27. 27. 5 Accessibility, Climate, Local Resources, Infrastructure and Physiography5.1 Access Access to the property is obtained by driving west 44 km from Desaguadero on paved and gravel roads to the village of Huacullani, then south on a good dirt road another 4.9 km to the project site. In good weather, two-wheel drive vehicles can easily access the property; off road or wet weather travel requires four-wheel drive vehicles.5.2 Climate The climate of the region is typical of the high Andes of Peru. There is a pronounced dry season with little precipitation from May through September and a pronounced wet season from January through March. The temperatures are mild with average daytime high temperature above freezing. Occasionally, the overnight temperatures drop below freezing. There are no climatic conditions that would cause the project great operational difficulty. The largest concern will be managing stormwater but this is a concern at all mine sites and can be managed with proper controls. Vegetation is primarily the stiff bunch grass found at these altitudes in the Andes. Trees are nearly absent. The property lies within a volcanic upland to the south of Huacullani. Elevations generally vary from 4150 to 4300 meters above mean sea level. A stream flows through the broad valley east of the deposit, which might be developed to provide some of the water requirements for mining and processing.5.3 Local Resources Local resources are beneficial for resource projects. Huacullani is a small provincial town with small scale farming as the primary economic activity. Local farming is mostly limited to growing of market vegetables (potatoes and corn) and the herding of sheep, alpaca and cattle. The recently utilized exploration labour force came from the nearby communities. There is no history of mining in the area during the recent past.5.4 Infrastructure Infrastructure is in-place for mine development with a good paved highway 8 km north of the project. Water for mining operations could be obtained from a large river located 10 km to the north of the project (next to the paved highway). Power for exploration was supplied by generators but for a mining operation a power line will be constructed and connected to the national grid at the sub- station located in Pomata (43 km to the northeast). The project area has a moderate topography so the construction of site access roads is easy compared to other projects in Peru where there is more severe topography. There is only one small structure within the project property and the exploration group used it during the drilling phase for offices and accommodations. The mine development plan describes installation of all new site infrastructure for the project.Rev: 0Date: October 2010J07.82.13.02: Feasibility Study – NI 43-101 Technical Report – Santa Ana Project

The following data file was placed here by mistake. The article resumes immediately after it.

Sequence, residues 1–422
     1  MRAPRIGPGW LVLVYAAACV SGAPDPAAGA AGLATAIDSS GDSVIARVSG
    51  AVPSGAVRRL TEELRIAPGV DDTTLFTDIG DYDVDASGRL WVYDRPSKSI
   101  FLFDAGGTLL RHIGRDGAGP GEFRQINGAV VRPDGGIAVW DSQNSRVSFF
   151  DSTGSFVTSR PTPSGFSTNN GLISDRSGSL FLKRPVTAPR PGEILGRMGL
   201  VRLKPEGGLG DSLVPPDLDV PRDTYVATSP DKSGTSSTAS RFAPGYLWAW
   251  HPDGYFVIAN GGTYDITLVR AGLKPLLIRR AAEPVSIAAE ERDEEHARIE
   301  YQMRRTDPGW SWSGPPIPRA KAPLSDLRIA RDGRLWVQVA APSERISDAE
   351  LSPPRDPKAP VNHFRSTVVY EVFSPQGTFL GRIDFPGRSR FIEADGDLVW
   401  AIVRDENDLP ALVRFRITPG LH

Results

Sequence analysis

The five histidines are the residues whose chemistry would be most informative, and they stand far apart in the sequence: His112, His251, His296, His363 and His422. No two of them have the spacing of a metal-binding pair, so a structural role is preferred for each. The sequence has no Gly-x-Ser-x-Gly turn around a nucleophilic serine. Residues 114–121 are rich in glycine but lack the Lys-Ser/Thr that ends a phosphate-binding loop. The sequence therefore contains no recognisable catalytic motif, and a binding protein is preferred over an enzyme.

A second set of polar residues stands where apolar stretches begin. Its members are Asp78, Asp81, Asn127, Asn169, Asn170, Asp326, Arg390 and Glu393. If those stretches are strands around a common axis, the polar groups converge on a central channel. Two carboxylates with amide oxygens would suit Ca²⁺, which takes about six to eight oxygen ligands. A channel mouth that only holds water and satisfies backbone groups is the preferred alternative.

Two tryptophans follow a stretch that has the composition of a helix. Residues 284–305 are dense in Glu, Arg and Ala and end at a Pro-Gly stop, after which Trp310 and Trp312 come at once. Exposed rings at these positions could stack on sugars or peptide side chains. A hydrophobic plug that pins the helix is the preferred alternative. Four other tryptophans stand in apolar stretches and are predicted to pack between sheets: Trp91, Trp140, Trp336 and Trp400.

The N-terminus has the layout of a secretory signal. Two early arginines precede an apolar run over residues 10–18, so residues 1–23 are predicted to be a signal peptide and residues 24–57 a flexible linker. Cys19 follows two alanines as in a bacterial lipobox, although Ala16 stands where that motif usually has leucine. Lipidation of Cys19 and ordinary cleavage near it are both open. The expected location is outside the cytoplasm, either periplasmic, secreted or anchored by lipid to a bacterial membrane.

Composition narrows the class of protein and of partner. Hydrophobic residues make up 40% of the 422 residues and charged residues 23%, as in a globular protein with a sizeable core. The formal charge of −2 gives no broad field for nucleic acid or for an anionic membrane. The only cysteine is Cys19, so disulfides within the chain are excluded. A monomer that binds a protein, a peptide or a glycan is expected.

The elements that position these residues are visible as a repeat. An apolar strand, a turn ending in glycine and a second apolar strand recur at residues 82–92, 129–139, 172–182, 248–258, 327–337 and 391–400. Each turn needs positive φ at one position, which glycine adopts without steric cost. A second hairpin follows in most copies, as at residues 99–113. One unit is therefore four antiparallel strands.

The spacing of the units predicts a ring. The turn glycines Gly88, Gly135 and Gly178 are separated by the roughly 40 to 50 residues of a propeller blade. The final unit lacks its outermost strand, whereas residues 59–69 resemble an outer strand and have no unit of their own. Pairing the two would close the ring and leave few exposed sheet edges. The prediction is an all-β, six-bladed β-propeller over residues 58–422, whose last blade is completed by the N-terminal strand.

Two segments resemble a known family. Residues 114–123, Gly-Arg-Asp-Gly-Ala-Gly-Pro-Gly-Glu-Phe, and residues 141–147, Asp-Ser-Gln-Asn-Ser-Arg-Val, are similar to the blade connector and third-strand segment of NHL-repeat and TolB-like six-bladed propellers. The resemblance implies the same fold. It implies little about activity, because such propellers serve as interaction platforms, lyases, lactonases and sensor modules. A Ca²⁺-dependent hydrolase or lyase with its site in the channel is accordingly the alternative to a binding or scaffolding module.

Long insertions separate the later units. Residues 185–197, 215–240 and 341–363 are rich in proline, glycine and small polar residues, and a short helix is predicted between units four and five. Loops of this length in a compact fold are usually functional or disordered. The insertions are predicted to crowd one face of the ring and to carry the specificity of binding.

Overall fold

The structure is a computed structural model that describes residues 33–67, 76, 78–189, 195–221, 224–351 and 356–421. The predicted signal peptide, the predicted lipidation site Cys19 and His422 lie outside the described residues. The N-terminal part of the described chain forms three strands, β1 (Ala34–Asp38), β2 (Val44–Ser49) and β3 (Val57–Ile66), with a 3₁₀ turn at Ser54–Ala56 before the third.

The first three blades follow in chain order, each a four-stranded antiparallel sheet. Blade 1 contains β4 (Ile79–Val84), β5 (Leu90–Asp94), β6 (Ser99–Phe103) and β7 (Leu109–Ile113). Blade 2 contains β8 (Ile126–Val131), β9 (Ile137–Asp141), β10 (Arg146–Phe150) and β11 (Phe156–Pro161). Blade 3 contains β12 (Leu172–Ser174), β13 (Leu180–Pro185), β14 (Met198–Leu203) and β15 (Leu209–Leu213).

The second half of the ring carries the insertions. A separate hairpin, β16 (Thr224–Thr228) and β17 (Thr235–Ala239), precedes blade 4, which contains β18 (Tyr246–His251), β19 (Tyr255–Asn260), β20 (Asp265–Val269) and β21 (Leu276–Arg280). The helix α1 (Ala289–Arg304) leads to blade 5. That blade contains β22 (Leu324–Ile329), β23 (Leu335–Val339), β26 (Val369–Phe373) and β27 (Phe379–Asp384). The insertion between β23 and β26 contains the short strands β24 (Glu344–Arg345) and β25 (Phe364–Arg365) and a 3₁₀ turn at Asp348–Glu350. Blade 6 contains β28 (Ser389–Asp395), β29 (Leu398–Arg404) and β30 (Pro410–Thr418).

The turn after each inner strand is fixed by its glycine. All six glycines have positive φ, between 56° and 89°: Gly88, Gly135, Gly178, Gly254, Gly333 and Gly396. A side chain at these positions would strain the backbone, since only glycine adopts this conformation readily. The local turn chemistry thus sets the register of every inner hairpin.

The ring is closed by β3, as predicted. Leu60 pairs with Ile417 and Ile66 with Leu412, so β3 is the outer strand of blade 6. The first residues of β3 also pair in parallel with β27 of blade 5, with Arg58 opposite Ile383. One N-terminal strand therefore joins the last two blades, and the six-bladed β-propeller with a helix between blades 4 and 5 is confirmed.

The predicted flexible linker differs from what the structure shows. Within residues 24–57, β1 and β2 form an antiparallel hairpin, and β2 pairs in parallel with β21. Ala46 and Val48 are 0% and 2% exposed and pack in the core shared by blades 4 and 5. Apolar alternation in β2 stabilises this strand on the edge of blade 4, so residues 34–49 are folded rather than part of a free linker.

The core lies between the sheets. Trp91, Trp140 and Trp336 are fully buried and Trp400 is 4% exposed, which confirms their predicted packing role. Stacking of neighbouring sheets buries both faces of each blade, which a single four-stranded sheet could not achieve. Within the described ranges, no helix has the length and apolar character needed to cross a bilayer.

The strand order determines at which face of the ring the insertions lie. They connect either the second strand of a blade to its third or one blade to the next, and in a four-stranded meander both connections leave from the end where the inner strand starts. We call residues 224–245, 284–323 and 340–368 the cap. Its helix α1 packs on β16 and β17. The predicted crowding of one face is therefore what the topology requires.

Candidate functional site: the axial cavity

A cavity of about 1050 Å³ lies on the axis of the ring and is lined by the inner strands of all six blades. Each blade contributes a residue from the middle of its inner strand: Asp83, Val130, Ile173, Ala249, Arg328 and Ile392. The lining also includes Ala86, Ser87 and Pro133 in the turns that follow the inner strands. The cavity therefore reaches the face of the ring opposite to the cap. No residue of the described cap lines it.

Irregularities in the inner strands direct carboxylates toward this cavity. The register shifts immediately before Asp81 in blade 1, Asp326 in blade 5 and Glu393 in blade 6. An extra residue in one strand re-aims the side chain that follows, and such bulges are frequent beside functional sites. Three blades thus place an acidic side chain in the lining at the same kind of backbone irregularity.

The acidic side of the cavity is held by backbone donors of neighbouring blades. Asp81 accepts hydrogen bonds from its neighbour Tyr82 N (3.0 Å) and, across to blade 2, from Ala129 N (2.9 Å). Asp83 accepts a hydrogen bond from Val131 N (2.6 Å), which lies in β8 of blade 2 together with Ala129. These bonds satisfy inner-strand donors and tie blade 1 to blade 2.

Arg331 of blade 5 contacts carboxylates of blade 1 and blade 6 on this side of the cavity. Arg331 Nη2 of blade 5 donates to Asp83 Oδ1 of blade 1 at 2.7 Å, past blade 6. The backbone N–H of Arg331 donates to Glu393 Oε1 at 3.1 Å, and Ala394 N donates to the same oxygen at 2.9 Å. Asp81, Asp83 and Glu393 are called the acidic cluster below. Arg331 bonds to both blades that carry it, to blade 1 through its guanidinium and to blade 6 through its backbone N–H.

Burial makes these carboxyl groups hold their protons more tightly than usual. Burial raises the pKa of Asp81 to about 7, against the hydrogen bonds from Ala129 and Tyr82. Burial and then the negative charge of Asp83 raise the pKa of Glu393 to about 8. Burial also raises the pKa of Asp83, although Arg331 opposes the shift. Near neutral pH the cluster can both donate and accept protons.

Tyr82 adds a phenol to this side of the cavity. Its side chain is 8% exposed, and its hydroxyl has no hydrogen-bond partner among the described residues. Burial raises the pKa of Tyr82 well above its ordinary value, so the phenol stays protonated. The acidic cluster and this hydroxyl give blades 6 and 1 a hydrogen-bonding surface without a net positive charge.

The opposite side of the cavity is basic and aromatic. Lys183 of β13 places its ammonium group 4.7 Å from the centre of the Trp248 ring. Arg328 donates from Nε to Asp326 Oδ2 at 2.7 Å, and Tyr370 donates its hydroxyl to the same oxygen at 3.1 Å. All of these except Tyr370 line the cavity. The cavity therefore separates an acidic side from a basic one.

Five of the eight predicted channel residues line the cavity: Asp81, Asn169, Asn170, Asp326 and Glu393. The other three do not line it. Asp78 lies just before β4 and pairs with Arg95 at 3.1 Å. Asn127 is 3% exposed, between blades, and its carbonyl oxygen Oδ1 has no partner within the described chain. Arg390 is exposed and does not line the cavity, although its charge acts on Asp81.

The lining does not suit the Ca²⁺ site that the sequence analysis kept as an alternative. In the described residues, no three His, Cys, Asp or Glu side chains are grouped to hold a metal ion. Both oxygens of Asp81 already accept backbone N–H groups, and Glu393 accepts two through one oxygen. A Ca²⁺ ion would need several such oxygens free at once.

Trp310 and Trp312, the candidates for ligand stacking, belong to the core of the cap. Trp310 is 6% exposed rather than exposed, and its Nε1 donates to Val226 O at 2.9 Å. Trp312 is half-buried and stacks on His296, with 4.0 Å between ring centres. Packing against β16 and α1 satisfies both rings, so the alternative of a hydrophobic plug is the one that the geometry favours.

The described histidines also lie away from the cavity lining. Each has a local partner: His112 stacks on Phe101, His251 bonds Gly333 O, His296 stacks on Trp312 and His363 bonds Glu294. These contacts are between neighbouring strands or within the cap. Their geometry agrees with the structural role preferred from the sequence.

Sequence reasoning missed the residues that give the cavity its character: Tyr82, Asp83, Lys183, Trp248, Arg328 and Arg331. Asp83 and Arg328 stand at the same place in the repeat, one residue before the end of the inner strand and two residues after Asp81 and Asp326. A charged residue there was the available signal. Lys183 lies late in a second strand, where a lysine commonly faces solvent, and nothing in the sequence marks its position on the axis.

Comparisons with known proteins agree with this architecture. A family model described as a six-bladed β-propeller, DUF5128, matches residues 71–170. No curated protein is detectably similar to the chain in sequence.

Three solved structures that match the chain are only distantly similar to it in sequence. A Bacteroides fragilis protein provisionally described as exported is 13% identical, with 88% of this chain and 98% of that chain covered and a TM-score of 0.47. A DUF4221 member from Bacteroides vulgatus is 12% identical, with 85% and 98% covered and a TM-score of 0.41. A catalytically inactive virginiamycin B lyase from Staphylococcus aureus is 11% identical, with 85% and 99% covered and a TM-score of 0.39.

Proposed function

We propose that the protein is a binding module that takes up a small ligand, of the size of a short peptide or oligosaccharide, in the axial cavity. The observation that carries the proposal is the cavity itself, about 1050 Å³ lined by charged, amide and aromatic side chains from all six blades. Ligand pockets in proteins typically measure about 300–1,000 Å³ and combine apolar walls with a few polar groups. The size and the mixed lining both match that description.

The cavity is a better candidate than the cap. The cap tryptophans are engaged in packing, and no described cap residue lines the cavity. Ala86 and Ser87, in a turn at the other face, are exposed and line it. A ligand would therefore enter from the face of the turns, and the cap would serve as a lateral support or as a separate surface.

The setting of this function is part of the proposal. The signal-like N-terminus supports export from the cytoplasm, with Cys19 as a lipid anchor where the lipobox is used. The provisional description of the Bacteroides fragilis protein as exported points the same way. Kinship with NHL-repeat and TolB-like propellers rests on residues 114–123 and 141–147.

28. 28. 5.5 Physiography The physiographic features are moderate to gentle and access is easy to all parts of the project either by 4x4 truck or on foot. The project is located at the top of a mesa shaped mountain with the top of the mesa forming a gentle bowl shape. The sides of the mesa are more rugged than the project site: consequently, the access road from Huacullani to the top of the mesa is more sinuous and steeper than other roads in the area. The project is located at the 4200 meter elevation on average.Rev: 0Date: October 2010J07.82.13.02: Feasibility Study – NI 43-101 Technical Report – Santa Ana Project